William Brownfield, assistant secretary at the US Bureau of International Narcotics and Law Enforcement Affairs, has charged that Jamaica and other Caribbean Community (CARICOM) member states that are moving to change marijuana laws did not consult the US government. He had informal talks with some CARICOM states but said those discussions were "not structured as formal dialogue between governments or between international partners". He also revealed that the US had developed four basic principles to address the issues surrounding the growing move to legalise marijuana. (See also: No need to consult US on ganja, says Knight)
The US Food and Drug Administration is reviewing the medical evidence surrounding the safety and effectiveness of marijuana, a process that could lead to the agency downgrading the drug's current status as a Schedule I drug, the most dangerous classification. "FDA conducts for Health and Human Services a scientific and medical analysis of the drug under consideration," FDA Press Officer Jeff Ventura said. "HHS then recommends to DEA that the drug be placed in a given schedule. DEA considers HHS’ analysis, conducts its own assessment, and makes a final scheduling proposal in the form of a proposed rule." (See also: Scheduling in the international drug control system)
Evan Cox used to deliver pizza. But 18 months ago, as he was running out of money at college in Seattle, he had a new business idea. The state of Washington was in the process of legalising the sale of marijuana, but he guessed it would take time for pot shops to open. So he set up Winterlife, a marijuana-delivery service. Dope-delivery services are also popular in states with stricter laws. More than a dozen illegal delivery services now serve tokers in Manhattan and Brooklyn.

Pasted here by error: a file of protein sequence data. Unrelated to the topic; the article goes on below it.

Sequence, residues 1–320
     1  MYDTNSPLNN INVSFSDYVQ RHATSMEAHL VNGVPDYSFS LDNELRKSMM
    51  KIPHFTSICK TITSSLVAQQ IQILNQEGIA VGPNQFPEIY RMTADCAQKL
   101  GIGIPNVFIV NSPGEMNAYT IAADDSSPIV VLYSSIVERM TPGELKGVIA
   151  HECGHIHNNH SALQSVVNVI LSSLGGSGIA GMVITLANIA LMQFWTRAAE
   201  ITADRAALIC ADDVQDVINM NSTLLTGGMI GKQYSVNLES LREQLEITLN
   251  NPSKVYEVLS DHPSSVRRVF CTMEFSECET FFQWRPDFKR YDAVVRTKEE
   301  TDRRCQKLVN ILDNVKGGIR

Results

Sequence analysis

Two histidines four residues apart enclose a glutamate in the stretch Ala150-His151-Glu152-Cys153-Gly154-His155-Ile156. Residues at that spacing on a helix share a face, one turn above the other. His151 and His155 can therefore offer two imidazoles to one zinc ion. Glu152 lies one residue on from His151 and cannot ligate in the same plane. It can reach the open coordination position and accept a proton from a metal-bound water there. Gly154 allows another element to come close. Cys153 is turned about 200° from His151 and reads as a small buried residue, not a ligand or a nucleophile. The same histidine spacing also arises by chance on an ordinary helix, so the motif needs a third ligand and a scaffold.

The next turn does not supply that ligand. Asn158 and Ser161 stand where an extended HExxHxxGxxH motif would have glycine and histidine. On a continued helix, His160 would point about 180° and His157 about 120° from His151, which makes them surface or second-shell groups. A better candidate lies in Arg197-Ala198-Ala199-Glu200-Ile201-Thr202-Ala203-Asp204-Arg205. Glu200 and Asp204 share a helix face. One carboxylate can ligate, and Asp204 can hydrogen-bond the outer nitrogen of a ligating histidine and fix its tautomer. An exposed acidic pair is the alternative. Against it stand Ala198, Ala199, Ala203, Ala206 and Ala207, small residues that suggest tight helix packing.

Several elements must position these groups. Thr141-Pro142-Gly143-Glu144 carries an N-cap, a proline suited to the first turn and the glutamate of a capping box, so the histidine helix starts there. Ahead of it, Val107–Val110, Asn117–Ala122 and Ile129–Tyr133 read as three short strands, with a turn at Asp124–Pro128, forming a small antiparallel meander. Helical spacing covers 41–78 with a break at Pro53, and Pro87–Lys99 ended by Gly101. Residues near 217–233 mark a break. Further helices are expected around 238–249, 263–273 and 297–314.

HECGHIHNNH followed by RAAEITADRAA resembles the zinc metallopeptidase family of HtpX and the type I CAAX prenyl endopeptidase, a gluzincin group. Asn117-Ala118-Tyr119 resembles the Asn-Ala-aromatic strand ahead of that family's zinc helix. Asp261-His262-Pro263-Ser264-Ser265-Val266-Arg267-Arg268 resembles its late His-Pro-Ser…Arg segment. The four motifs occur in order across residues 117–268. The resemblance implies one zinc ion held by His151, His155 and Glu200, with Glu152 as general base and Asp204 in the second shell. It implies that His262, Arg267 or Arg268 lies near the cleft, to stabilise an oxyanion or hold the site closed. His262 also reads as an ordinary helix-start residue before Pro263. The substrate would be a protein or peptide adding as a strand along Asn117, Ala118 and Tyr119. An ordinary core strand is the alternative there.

A recent neuroscience study from Harvard Medical School claims to have discovered brain differences between people who smoke marijuana and people who do not. Such well-intentioned and seemingly objective science is actually a new chapter in a politicized and bigoted history of drug science in the United States. Different-looking brains tell us literally nothing about who these people are, what their lives are like, why they do or do not use marijuana, or what effects marijuana has had on them.
Peña Nieto no tiene problema en extenderse y mostrarse debidamente contundente es cuando la conversación discurre por el pantanoso asunto de las drogas, sus mercados y sus clientes, de los que México se ha considerado tradicionalmente una víctima. La legalización de la marihuana en algunos Estados de EE UU, le digo al presidente, ¿no le complica el discurso tanto a usted como al presidente Obama en la lucha contra el narcotráfico?
Mexico and the United States cannot pursue diverging policies on marijuana legalization, Mexican President Enrique Pena Nieto was quoted as saying, hinting he may be open to following the lead taken by some U.S. states in changing drug laws. Political pressure has grown in Mexico to take a more liberal stance on marijuana. In an interview with Spanish newspaper El Pais, Pena Nieto said "we can't continue on this road of inconsistency between the legalization we've had [...] in the most important consumer market, the United States, and in Mexico where we continue to criminalize production of marijuana."
Weed is legal in at least some form in 22 states and the District of Columbia. Most allow it for medical use only. Colorado and Washington this year enacted laws that allow recreational use by adults. But more than two dozen states are considering new or expanded marijuana reform legislation, including complete legalization for adults, medical marijuana, hemp use and decriminalization. Which are the next five states likely to legalize marijuana?